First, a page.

Google tracks dengue fever by analysing search trends
Google is examining search patterns in an attempt to help health officials prepare for outbreaks of dengue fever.
The search engine has started to monitor dengue-related search terms in the hope that it will develop an early warning system for outbreaks.
It is focusing specifically on phrases searched by users in countries with a high prevalence of dengue fever; Bolivia, Brazil, Singapore, India and Indonesia.
Google claims that the way in which it is collecting the information is more advantageous than the collection of ‘official data’, as the results are recorded in real-time as opposed to taking weeks to collate.
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Writing in a blog post, Google software engineer said: “Using the dengue case count data provided by Ministries of Health and the World Health Organisation, we're able to build a model that offers near real-time estimates of dengue activity based on the popularity of certain search terms.”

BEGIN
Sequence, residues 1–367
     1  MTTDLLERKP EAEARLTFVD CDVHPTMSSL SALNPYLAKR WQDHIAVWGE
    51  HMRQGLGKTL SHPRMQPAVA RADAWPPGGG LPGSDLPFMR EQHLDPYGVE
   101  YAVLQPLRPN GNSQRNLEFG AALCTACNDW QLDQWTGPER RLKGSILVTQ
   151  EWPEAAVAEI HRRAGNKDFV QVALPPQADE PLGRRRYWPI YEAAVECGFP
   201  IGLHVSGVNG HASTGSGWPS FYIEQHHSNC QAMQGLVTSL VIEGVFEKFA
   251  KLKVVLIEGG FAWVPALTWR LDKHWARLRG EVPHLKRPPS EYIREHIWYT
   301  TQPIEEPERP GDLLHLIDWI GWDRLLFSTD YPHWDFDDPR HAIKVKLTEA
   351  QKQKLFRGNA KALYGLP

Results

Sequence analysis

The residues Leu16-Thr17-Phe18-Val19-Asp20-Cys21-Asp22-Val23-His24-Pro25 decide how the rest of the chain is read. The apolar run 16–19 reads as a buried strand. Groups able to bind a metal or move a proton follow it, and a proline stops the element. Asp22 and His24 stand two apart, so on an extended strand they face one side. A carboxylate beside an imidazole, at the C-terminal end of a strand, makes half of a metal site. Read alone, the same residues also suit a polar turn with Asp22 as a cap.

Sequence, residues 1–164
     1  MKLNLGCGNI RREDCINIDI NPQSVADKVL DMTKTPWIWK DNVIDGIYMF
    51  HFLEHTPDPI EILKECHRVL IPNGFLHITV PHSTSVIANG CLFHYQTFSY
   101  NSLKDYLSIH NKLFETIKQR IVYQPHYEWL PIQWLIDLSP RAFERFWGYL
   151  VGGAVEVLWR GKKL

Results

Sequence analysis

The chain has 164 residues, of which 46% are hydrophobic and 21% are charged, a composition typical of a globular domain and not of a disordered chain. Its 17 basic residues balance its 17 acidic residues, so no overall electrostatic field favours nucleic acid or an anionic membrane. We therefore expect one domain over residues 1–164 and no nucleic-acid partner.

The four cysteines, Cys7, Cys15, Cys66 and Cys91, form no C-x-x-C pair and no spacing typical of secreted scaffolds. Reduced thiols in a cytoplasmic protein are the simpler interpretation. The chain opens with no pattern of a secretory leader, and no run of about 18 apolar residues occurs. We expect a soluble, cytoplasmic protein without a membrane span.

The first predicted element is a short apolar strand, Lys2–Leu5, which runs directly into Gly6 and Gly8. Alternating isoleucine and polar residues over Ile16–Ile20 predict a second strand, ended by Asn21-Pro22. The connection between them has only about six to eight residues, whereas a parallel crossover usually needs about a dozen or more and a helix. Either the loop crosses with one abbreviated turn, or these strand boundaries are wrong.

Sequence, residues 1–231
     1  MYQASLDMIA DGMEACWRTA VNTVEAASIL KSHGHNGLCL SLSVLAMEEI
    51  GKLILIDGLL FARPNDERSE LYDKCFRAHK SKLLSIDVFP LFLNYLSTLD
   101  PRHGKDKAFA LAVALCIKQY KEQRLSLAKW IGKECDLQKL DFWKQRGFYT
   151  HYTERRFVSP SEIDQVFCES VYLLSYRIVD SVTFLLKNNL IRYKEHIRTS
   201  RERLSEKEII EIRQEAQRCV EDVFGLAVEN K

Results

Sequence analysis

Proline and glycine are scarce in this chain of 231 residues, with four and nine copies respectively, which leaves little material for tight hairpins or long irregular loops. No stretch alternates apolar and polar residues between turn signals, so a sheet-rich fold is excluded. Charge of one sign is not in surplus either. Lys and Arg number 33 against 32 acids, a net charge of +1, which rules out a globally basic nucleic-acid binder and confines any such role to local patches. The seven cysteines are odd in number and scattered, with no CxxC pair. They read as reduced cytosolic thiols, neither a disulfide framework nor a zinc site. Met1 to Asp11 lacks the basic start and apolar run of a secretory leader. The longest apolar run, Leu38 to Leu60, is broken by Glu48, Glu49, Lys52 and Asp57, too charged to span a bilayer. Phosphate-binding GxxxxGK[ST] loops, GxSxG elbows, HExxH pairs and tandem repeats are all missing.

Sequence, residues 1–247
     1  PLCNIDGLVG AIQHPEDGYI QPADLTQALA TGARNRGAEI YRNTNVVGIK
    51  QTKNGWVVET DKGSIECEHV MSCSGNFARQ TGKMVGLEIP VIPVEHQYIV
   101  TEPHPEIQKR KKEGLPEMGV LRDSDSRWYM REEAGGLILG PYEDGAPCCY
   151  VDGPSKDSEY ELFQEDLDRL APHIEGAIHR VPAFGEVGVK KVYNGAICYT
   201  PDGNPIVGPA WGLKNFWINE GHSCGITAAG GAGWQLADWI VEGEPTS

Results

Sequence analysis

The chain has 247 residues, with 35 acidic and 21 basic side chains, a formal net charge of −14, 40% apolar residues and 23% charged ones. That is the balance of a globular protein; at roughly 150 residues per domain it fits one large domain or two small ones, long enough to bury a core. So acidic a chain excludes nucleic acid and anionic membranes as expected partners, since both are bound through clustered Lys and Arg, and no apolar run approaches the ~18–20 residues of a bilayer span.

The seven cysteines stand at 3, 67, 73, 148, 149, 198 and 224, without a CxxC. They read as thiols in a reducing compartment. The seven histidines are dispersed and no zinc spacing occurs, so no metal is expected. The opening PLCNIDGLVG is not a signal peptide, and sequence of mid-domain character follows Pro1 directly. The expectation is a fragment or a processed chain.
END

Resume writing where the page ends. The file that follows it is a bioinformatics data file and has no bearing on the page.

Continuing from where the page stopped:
"Google Dengue Trends is automatically updated every day, thereby providing an early indicator of dengue activity.”
Google worked in partnership with the Boston Children's Hospital and Harvard Medical School to develop the dengue trackers after using a similar system to monitor the spread of flu in 2009.
The disease tracker is part of the new Google Correlate tool, which was introduced after its successful pilot of Flu Trends.
Google Correlate, which launched last week, is a new service which connects real life data with search terms, allowing experts to compare their data with trending search topics.
The highlights of the software are evident when search terms and real world data match the same patterns, for example, when an outbreak of flu coincides with a large number of flu related search terms such as ‘symptoms of flu’ or ‘treatments of flu’.
After the 2009 analysis of flu outbreaks across the world public health officials used the collected data to distribute vaccines more effectively.
Dengue fever is a tropical disease which is spread by mosquitoes. Symptoms resemble a severe flu-like illness and include a rash, bad headache, high fever and muscle pains.
Two-fifths of the world’s population are at risk of dengue fever as global incidence has grown dramatically in recent years.
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